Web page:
categories of objects we identify: bodies, sounds, persons and monads.2 But when we individuate
or identify persons or selves,3 Strawsons principle of identifying reference seems to be
insufficient. To identify someone as a person or a self presupposes the ascription of mental states,
but mental states are (at least without neuro-imaging methods) not observable in the framework
of space and time.4 Or, in other words, they lack the two axioms of reference described and
critically discussed by Searle in his work, Speech Acts.5 These two axioms are: (a) the axiom of
existence, which means that there is reference only if there is an entity observable in space and
time; b) that there is an entity or object, independent from the use of different predicate
ascriptions. Additionally - and importantly for our subject - I would like to introduce a further
axiom (c), to the effect that there has to be an object identifiable as persisting through time. This
axiom is important for ascribing mental states and actions to persons, because it allows us to

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Ren Thun

identify a person as being the same, for example, when we discuss responsibility or when we rely
on a promise. This temporal dimension of identification seems to be underestimated by Searles
account. From the epistemic framework that Ricoeur establishes early in Oneself as Another, his
hermeneutics of the self will seek out an apt ontology of the self, as will became clear later in this
paper.
The application of two types of predicates - mental and physical predicates - is a problem
for identifying reference, and so Ricur seeks to solve the problem by distinguishing between
two types of identity. This presupposes two forms of identifying, whereby the forms of
identification (as an activity) are prior to the entities identified. This should become clear if we
remember that, for example, narrative identity is not already laid out in front of us but is a way of
making identity. Ricur distinguishes two forms of identity: idem-identity and ipse-identity. To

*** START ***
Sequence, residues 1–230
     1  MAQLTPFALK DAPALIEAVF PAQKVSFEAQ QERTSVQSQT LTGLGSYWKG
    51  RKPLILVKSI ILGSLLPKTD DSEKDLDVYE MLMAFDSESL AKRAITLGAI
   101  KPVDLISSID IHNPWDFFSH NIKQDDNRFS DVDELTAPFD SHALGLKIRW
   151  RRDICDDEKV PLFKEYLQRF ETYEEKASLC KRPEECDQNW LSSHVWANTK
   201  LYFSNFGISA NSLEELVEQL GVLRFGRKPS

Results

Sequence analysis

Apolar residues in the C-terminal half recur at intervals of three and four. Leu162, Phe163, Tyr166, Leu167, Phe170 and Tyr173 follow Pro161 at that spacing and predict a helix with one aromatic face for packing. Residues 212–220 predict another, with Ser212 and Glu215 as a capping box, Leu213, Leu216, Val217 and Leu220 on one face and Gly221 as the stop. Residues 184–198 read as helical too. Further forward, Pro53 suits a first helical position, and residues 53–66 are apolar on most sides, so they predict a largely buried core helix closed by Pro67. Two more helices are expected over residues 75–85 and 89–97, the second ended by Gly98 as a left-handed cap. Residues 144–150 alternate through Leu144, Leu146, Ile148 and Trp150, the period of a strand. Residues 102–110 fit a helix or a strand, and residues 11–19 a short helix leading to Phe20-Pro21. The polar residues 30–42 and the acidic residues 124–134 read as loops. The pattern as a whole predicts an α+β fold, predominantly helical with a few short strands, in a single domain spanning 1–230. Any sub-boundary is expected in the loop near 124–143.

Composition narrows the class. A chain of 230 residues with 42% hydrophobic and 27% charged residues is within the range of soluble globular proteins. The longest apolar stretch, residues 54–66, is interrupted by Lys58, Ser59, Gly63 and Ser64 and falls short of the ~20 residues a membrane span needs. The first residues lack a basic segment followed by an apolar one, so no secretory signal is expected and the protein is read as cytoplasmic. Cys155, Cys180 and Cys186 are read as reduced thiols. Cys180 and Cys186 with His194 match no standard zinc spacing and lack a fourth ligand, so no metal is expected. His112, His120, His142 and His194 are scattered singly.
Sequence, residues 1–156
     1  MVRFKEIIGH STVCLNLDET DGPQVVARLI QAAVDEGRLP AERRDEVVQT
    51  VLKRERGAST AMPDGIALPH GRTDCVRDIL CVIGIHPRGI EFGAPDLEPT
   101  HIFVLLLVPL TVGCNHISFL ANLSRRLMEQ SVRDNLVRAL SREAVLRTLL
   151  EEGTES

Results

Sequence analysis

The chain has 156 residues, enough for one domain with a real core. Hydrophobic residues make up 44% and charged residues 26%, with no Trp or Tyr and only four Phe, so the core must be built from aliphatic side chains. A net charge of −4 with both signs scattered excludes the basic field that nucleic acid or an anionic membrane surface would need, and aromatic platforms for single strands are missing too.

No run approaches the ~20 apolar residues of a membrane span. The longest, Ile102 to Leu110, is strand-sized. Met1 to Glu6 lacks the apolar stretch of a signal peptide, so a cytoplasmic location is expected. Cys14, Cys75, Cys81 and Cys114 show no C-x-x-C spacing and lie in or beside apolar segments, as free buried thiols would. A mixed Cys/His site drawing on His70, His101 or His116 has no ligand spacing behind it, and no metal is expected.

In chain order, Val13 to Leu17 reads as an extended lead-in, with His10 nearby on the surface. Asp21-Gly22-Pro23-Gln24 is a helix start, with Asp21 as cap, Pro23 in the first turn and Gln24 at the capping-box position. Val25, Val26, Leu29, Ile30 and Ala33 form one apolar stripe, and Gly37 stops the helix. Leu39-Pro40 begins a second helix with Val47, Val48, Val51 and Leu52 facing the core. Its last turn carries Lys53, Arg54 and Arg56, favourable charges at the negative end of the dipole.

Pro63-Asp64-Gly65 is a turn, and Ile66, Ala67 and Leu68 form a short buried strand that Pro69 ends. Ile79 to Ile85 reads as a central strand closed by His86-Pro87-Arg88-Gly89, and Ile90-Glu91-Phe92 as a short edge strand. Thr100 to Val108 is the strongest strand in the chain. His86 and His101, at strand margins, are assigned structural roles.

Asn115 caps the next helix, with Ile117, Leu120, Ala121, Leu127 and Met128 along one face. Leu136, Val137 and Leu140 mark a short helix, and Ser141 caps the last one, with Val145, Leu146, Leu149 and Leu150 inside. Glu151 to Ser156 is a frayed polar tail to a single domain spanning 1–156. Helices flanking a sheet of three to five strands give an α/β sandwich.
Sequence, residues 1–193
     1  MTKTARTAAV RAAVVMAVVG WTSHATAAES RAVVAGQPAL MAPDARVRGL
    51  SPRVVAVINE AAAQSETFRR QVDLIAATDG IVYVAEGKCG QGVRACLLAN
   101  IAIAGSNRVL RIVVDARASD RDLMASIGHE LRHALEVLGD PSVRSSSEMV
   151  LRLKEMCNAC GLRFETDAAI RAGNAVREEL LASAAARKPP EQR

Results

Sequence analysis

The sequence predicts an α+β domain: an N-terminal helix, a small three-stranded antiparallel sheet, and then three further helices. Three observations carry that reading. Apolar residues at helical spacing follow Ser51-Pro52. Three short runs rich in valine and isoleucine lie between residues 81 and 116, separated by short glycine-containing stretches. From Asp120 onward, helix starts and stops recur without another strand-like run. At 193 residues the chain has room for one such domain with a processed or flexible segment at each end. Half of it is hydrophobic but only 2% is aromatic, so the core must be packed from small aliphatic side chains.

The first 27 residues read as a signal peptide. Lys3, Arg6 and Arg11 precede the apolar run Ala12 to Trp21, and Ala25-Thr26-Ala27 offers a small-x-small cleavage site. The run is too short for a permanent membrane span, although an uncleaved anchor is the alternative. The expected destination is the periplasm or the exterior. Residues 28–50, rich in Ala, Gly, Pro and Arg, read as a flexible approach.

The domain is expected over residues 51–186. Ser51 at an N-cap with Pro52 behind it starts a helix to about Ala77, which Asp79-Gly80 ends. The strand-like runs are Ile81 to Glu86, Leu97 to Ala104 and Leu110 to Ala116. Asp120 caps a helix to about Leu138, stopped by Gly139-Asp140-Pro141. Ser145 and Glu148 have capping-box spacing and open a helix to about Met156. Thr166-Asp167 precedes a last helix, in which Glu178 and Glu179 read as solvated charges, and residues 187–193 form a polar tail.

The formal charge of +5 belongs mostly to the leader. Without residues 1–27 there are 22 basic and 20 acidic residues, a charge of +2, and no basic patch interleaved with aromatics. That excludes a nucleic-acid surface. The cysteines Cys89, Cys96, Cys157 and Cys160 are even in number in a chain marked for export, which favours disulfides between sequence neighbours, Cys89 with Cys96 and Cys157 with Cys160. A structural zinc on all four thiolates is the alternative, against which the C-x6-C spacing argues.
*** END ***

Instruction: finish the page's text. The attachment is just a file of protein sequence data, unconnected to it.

recall, the notion idem-identity or sameness signifies the identity we can know by paying attention
to relatively constant properties perceivable in time and space. The pencil I am using today is, to
be sure, numerically identical with the pencil I used yesterday. And for my purposes, it is also
qualitatively identical with the pencil I used yesterday and to the many other pencils of that
brand and series. But this kind of identity is not very informative, when we are talking about
personal identity. Although we might change in descriptive terms when we grow older or lose a
leg or an arm by a car crash, we still claim that ones personal identity doesnt change. Surely, it
can happen that such changes may influence our habits or mood, but a person can still be said to
remain the same. For this reason, it seems that to a certain degree the person is somehow
independent from her body, even if at the same time we also rely on descriptive features like the
persons face and voice in order to identify a person. My purpose here is not to discuss the
distinction between idem-identity and ipse-identity extensively, instead I will focus on one of the
phenomena associated with the ipse-identity: conscience. In what follows, I will compare the
notion of conscience in Ricoeur with the one offered by Martin Heidegger. In so doing, we can
see the distinct advantages of Ricurs approach, while at the same time identifying Ricurs
blind spot with regard to conscience.

Heidegger on conscience
Ricurs concept of conscience is clearly influenced by Heideggers approach in Being
and Time. Conscience, according to Heidegger, is a fundamental feature of selfhood; it gives
Dasein something to understand,6 and the possibility of being authentic. What raises the question
for authentic being is being-with (Mit-dasein). Because Dasein is necessarily being-with-the-other,
there arises the question for the attribution of actions and utterances to one another. Concerning
actions and opinions we often ask who did this or that? or whose opinion is it? The whoquestion is a linguistic correlate of the self.
Since Dasein is initially being-with, Dasein is mostly not itself. This means, for
Heidegger, that it is initially inauthentic. Notice that Heidegger maintains that the self is not